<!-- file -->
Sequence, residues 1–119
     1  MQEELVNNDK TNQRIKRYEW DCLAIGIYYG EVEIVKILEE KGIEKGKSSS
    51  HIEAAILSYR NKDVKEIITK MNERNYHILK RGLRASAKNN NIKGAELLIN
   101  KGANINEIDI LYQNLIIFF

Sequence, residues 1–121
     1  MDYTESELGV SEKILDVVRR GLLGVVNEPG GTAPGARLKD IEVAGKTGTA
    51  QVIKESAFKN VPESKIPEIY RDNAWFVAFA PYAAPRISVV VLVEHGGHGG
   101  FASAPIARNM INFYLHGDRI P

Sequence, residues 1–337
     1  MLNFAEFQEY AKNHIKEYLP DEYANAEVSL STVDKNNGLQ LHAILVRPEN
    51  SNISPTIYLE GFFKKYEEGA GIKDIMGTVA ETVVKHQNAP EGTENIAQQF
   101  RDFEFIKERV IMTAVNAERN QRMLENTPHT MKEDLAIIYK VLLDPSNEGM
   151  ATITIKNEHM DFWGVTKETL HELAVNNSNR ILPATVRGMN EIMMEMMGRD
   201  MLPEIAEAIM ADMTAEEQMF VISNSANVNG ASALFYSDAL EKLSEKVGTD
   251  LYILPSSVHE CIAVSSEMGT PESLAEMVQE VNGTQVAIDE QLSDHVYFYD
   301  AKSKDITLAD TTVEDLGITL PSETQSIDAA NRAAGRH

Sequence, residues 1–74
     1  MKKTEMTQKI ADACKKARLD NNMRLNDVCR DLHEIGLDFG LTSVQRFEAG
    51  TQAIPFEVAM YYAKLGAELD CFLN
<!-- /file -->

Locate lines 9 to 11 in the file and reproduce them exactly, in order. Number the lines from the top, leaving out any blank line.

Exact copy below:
Sequence, residues 1–337
     1  MLNFAEFQEY AKNHIKEYLP DEYANAEVSL STVDKNNGLQ LHAILVRPEN
    51  SNISPTIYLE GFFKKYEEGA GIKDIMGTVA ETVVKHQNAP EGTENIAQQF